JACKSON, Mich. — Elaine Wolf-Baker has lived in her home on Douglas Street near Cascades Park on and off since she was a child.
“I mean we’ve been here for four generations. We’ve tried to keep it nice,” Wolf-Baker said.
She gets briefly emotional talking about what the house means to her. She moved back from California part-time in 2005 to care for her mother. That's when she first noticed signs that something was not right with her family’s home.
“I really didn’t pay a lot of attention to the basement..." she said. "It seemed to be from the street out in front. Everyone was getting flooding. We thought the flooding was from the poor storm sewers out in front."
By 2014, she moved back to Jackson full-time and made it her mission to help her neighborhood fix the flooding. She formed the group Fix the Lagoons as a response.
“We all got together and decided to research what the problem was. In 2018, we couldn’t figure out the problem. We’re not civil engineers,” Wolf-Baker said.
During a meeting with the Jackson County drain commissioner, she overhead a separate meeting about the park and a discussion of how the lagoons were swelling up four to five feet higher. She says she became convinced then that the issue with the lagoons was causing the problems in surrounding homes.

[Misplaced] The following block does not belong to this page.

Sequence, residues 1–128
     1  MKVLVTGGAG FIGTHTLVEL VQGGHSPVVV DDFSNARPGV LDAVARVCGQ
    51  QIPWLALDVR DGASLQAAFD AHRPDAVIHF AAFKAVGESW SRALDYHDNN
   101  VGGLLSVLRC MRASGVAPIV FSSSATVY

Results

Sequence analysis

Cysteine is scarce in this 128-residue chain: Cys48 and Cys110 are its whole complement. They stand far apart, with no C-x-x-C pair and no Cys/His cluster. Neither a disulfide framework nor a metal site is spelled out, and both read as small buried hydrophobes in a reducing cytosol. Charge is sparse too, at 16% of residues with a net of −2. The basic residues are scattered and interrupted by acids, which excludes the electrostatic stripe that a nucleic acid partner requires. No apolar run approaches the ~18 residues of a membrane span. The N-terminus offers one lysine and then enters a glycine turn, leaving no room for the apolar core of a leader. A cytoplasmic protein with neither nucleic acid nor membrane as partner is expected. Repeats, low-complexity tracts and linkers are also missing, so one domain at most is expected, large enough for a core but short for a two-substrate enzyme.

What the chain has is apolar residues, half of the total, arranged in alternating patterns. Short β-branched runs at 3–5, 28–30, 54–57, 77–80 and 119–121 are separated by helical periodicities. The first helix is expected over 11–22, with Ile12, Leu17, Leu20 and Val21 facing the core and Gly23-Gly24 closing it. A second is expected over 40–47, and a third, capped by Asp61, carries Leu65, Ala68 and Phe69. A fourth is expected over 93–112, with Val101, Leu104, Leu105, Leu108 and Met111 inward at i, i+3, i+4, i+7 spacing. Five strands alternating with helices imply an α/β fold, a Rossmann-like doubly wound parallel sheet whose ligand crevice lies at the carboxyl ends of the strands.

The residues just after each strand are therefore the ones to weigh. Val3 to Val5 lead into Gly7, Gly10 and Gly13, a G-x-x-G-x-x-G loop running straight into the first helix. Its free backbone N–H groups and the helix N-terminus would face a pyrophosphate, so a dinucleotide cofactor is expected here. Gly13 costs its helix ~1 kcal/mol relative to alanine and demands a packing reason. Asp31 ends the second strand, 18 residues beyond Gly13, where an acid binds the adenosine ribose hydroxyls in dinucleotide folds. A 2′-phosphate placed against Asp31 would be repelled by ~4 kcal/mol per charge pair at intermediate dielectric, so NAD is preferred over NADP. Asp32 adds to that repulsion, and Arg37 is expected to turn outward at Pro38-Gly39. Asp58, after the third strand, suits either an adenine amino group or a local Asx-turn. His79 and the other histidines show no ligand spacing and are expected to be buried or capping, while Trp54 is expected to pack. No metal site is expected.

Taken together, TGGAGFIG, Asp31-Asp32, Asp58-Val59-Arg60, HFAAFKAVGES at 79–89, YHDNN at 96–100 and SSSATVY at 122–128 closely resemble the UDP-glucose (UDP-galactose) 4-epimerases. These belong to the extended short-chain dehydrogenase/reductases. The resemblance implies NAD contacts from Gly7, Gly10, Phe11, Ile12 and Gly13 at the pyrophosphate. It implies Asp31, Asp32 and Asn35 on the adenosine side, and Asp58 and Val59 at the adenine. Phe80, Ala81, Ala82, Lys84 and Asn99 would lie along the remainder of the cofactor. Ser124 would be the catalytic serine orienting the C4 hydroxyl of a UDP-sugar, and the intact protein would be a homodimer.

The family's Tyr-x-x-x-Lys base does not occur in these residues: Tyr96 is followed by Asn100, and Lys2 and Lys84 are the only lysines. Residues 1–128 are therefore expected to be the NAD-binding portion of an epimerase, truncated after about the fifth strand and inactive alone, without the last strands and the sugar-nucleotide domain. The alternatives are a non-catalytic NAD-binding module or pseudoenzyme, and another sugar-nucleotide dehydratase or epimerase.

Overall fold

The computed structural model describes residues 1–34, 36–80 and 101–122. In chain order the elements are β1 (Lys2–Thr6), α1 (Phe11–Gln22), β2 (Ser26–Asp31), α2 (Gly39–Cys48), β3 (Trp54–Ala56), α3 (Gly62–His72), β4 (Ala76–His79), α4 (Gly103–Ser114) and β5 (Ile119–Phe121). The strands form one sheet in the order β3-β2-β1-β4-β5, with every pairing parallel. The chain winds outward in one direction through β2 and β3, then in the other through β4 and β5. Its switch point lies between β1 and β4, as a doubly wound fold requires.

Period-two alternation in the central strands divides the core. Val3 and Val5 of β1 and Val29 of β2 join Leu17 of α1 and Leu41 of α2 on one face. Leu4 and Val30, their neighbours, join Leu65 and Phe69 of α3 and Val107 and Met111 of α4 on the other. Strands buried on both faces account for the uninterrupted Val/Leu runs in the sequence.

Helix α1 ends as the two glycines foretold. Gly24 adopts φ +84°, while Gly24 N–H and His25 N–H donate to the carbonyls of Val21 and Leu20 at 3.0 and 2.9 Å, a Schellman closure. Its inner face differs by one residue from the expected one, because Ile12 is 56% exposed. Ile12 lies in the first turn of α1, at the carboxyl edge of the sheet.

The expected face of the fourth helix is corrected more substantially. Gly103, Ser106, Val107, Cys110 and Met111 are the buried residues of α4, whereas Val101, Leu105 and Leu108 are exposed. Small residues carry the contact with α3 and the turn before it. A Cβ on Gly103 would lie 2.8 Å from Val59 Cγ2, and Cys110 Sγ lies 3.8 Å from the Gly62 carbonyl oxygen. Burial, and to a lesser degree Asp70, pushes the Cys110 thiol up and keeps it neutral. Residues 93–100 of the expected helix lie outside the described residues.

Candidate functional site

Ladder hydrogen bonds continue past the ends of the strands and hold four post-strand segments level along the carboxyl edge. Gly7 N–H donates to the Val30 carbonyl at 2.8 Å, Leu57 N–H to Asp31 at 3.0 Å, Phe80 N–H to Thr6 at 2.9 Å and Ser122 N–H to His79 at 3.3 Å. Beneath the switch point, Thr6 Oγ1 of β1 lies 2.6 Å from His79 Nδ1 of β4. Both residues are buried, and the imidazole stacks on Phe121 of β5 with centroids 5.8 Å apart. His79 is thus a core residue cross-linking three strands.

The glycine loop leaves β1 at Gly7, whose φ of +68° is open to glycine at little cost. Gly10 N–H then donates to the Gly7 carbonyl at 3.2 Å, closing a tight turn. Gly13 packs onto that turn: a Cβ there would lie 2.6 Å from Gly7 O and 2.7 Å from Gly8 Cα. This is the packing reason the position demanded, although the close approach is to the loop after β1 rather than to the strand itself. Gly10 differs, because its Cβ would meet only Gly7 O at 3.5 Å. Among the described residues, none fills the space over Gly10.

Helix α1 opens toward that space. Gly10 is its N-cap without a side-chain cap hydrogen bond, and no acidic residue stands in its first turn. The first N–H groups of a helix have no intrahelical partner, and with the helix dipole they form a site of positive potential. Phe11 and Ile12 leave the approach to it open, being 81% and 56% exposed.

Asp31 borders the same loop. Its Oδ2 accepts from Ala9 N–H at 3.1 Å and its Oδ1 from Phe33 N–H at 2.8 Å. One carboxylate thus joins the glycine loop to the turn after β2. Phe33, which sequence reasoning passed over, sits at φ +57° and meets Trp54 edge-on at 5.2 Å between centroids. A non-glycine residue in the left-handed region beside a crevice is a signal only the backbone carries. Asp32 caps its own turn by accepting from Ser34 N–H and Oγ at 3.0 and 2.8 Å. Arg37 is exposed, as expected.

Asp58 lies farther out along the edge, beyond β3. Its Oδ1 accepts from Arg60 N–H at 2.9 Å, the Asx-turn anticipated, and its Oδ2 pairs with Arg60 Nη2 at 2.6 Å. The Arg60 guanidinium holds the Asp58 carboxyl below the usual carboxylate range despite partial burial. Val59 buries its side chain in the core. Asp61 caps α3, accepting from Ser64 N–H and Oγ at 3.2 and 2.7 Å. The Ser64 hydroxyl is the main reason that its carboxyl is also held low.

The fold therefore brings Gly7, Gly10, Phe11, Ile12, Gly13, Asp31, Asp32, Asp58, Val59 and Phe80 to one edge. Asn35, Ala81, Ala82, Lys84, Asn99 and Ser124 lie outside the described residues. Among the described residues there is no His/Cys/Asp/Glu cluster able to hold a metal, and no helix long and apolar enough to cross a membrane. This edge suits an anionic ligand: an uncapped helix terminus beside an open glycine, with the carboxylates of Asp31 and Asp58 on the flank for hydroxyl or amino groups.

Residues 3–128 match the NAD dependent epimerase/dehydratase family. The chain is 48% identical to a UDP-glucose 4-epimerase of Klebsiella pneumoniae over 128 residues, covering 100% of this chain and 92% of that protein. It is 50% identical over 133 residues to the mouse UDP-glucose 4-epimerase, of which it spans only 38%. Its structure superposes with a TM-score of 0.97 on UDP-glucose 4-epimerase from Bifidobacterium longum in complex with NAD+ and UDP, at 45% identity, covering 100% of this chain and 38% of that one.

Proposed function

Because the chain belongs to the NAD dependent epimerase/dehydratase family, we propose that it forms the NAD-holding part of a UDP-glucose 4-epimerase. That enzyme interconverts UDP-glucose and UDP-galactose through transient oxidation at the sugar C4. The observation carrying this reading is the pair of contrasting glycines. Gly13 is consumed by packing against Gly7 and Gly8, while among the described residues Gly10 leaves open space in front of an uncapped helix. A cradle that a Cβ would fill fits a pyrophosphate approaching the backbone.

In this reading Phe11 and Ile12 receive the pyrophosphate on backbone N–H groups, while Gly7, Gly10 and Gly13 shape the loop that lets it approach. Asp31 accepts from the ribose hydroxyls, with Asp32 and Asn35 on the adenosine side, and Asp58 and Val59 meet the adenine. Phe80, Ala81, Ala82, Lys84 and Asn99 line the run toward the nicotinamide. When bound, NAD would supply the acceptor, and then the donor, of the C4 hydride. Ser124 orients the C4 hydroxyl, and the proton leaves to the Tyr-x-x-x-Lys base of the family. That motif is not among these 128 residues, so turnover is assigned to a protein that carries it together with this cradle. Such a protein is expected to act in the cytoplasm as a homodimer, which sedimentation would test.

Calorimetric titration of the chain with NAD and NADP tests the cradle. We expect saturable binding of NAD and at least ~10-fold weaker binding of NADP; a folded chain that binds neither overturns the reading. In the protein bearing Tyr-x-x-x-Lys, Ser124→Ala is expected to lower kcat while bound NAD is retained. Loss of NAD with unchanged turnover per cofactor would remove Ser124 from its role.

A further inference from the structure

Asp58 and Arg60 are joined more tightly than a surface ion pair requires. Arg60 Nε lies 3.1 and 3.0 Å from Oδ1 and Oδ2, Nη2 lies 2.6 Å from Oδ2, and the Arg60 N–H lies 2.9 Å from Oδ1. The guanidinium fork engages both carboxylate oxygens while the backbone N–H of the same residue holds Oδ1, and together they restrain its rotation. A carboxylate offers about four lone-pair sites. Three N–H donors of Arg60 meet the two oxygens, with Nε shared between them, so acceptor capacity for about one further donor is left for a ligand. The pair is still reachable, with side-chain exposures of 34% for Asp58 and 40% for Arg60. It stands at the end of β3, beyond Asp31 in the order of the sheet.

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City and county officials are now working together to find why this neighborhood continues to have flooding problems.
“We’re still in the process of gathering data. We need Mother Nature to cooperate. Give us a little bit of rain. Maybe a little bit of not rain. We need to be able to turn on Hobo Fountain and the Splash Pad to gauge the effects of it. We need to turn them on. It’s kind of a chicken and egg problem,” Assistant County Administrator Christopher Bolt said.
Cascades Falls discharges 500 to 1,000 gallons of water per day. The Splash Pad discharges 135,000 gallons of water per day. Hobo Fountain discharges 720,000 gallons of water per day.
Hobo Fountain is a point of contention among the Fix the Lagoons group.
Wolf-Baker says it is not necessary to have it running as “not many people know it exists” and because of the sheer amount of water it discharges. Officials say each piece serves a purpose.
But Jackson County Civil Engineer Amelia McElhinney said it has been “concerning” to see high groundwater levels in the area even before the water features have been turned on for the season.
“The storm sewer infrastructure as it appears is for a much lower surface level, showing that it has exceeded what was anticipated when these systems were put in place,” McElhinney said. “As we’ve been installing groundwater monitoring wells we’ve been noticing surprisingly high groundwater levels even before Cascades Falls started running this past weekend.”
Rainfall and snowmelt may play a key role in this issue.
“It’s too early to tell concretely to give you a quantitative number of, ‘yes, this is how much Mother Nature contributes’ but it is enormous,” McElhinney said.
Meaning the flooding could turn out to be a more widespread issue in Jackson.
“We’ve seen throughout Jackson County, dare I say, record water levels but groundwater levels in certain levels of the community have been very, very high. We’ve got areas of stretches of road that seem to flood more easily than ever before. We are at the head of three major water systems. It could be a regional problem,” Bolt said.